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Non Polio Enterovirus Infection : Overview



Non-polio enteroviruses are very common. They cause about 10 to 15 million infections and tens of thousands of hospitalizations each year in the United States. Most people who get infected with these viruses do not get sick or they only have mild illness, like the common cold. But some people can have serious complications, especially infants and people with weakened immune systems.
Most people who are infected with non-polio enteroviruses do not get sick, or they only have mild illness, like the common cold.
Non-polio enteroviruses can be found in an infected person's feces (stool), eyes, nose, and mouth secretions (such as saliva, nasal mucus, or sputum), or blister fluid.
Pregnant women who are infected with a non-polio enterovirus shortly before delivery can pass the virus to their babies.
Mothers who are breastfeeding should talk with their doctor if they are sick or think they may have an infection.
Non-polio enteroviruses can be shed (passed from a person's body into the environment) in your stool for several weeks or longer after you have been infected. The virus can be shed from your respiratory tract for 1 to 3 weeks or less. Infected people can shed the virus even if they don't have symptoms.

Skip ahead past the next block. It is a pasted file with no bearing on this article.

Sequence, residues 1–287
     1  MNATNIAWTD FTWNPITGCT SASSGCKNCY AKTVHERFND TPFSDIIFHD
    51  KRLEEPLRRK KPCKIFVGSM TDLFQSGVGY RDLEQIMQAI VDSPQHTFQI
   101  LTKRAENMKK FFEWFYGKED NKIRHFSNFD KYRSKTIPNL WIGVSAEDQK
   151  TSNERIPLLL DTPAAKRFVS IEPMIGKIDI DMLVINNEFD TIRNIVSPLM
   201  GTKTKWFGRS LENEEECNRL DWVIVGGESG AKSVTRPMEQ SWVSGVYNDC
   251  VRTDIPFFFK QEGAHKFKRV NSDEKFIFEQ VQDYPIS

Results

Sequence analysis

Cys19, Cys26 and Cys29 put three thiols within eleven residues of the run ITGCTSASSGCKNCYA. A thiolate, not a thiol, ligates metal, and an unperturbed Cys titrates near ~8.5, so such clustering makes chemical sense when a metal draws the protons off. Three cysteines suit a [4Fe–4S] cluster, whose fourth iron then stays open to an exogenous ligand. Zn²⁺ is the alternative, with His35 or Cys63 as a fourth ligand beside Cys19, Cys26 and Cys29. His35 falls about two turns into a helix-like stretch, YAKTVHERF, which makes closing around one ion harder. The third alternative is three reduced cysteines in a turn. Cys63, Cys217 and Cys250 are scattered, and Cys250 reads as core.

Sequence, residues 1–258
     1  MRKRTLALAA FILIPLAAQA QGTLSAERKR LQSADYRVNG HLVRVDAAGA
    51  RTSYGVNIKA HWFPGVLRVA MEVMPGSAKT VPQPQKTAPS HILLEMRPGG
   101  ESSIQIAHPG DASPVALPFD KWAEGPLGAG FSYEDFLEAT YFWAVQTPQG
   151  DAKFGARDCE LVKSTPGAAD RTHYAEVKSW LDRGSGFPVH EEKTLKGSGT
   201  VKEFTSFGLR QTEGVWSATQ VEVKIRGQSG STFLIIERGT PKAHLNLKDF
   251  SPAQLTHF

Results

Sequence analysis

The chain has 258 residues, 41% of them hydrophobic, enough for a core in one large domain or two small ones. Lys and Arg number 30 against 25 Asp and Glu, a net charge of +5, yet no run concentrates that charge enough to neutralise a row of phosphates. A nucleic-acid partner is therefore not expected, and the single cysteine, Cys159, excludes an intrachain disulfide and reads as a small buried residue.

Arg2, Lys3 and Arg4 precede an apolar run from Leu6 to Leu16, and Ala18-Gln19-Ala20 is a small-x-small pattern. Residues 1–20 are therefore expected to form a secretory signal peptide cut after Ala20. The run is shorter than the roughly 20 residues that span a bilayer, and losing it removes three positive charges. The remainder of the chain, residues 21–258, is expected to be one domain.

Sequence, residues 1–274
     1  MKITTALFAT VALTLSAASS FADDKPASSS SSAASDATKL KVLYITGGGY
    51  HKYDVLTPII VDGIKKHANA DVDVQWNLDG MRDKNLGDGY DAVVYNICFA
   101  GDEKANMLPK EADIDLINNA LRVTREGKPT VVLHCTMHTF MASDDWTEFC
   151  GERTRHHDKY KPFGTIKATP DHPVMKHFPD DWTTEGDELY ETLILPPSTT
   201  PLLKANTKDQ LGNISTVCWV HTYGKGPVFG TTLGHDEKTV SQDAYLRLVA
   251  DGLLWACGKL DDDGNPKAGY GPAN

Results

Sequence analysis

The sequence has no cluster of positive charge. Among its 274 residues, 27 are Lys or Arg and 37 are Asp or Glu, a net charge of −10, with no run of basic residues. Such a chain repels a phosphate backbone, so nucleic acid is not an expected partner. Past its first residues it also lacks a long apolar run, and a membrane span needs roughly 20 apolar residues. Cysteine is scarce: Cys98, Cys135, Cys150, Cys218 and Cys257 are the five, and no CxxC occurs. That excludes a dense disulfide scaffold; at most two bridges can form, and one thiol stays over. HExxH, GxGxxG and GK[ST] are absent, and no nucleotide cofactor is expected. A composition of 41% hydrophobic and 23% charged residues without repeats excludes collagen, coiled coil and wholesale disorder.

Many people who are infected with non-polio enteroviruses do not have symptoms, but can still spread the virus to other people. This makes it is difficult to prevent them from spreading.
You can take few steps which can help to reduce the risk which may include:
  1. Wash your hands often with soap and water, especially after using the toilet and changing diapers.
  2. Avoid close contact, such as touching and shaking hands, with people who are sick.
  3. Clean and disinfecting frequently touched surfaces.
There is no specific treatment for non-polio enterovirus infection. People with mild illness caused by non-polio enterovirus infection typically only need symptom treatment. They usually recover completely.

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